"It is more about pushing the call to the limit, but you still have to paint a picture as if the ducks are way out and you're trying to get their attention to bring them in," said Shanahan, who now works for a Michigan-based duck-call manufacturer. "Everything we're doing on a mouth call is simulating hen mallards."

That Spivey has won world titles in both duck and goose calling is rare, according to Shanahan.

"There's a select handful who can do it, but not many," Shanahan said.

Though he has three straight Maryland State Junior Goose Calling Championships in nearby Easton to his name, Spivey is concentrating these days on duck calls. He has won four straight Maryland duck-calling titles, but the big one came last month in Arkansas. It doesn't surprise Butch Richenback, the legendary Arkansas duck caller whose Rich-N-Tone (RNT) call is the most popular and successful on the market.

"He's a good 'lil duck caller," said Richenback, a former mayor of Stuttgart who has been duck-calling for most of his 66 years.

That Spivey won his most recent title using one of Richenback's calls helped them both, given that RNT has won more world titles than any other duck call, and Spivey is building his own reputation and perhaps his own brand one day. Spivey said he has a "relationship" with Richenback's company, though he is not yet sponsored.

"A thousand people might buy his call to go hunting with," Buddy Spivey said. "It's ego, popularity contest. When you win world championships with that call, people want to buy that call to duck hunt."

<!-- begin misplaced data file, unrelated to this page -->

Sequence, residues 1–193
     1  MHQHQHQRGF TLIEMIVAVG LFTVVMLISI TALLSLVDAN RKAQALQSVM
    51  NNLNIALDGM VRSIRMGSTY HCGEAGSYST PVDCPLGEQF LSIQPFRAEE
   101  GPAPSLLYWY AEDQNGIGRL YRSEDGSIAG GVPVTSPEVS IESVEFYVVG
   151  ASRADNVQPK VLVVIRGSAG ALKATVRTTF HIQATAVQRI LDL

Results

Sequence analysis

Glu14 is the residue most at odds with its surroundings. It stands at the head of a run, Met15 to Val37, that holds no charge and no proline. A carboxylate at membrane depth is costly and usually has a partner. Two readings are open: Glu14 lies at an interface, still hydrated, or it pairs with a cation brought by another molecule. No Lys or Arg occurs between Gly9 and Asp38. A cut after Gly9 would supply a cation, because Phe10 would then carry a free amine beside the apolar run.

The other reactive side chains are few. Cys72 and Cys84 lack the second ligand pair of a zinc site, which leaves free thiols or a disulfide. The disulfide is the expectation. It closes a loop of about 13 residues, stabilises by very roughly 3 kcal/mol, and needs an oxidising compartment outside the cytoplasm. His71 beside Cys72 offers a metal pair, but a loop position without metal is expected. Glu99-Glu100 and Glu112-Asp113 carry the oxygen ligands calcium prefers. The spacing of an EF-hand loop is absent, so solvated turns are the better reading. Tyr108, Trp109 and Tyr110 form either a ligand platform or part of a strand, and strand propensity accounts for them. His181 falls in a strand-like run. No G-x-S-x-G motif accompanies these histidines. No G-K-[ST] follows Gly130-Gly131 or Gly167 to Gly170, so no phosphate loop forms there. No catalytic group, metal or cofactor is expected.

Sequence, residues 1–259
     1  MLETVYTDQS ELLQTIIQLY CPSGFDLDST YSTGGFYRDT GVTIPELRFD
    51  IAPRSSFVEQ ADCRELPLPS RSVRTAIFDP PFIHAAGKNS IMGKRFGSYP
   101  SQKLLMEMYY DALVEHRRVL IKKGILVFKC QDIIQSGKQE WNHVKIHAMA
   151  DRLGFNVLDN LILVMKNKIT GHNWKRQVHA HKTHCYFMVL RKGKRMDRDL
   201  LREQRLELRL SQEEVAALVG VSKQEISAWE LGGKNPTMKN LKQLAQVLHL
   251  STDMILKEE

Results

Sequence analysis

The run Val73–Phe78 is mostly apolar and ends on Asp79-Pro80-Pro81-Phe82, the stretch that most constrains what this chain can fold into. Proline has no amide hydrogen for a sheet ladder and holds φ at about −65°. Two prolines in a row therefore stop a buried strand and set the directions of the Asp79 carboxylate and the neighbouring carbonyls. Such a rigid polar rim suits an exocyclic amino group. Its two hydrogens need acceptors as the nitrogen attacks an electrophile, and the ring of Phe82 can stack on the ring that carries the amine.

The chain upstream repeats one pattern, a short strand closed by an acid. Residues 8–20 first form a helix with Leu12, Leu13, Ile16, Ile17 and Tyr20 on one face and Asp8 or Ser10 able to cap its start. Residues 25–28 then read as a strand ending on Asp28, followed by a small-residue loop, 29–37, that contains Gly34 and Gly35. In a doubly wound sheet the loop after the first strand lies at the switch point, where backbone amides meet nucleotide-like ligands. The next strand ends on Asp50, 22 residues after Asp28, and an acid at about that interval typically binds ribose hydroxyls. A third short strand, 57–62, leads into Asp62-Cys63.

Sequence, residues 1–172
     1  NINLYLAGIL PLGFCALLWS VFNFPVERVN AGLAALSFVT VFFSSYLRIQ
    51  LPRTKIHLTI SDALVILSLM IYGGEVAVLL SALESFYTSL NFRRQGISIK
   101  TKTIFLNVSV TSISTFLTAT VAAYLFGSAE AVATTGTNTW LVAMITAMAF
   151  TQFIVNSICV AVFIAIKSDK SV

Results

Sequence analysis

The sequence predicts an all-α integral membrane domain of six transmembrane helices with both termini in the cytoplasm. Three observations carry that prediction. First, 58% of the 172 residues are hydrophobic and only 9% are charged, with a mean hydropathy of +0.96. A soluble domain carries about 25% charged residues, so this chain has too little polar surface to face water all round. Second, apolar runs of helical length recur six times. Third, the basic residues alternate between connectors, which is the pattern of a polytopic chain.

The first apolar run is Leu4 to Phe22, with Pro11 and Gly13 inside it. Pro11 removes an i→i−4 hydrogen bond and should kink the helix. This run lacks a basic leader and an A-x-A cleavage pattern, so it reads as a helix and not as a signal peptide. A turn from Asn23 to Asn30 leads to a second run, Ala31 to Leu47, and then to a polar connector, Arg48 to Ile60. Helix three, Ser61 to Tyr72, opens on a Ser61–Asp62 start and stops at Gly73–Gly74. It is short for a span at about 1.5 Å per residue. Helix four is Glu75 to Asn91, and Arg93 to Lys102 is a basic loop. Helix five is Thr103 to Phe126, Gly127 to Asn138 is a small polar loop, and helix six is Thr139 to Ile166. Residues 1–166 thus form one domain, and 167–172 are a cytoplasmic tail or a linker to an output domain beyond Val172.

"If you win a world championship, especially at the next level, you're building your resume," Pam Spivey said recently about her son.


But even their modest son concedes that it does have a little to do with the person blowing the call.

"All calls are just about the same. It's just about making one seem like it's more," Spivey said of the instrument he uses. "You still have to know how to call. They won't do it themselves."

One wall of the basement in the family home is filled with trophies and plaques — as well as several carved and painted wooden ducks given to Spivey for his victories. There are plenty more around the house in closets, and a few that haven't even been taken out of the boxes in which they were shipped. Duck calls in all sizes and colors are strewn everywhere, even in planting pots.

Buddy Spivey, who prefers deer hunting to duck hunting, knows that his teenage son should have plenty of business for years to come.

"There's a lot of duck hunters around here … but not a lot of callers," he said.

Especially one with a world title to his credit.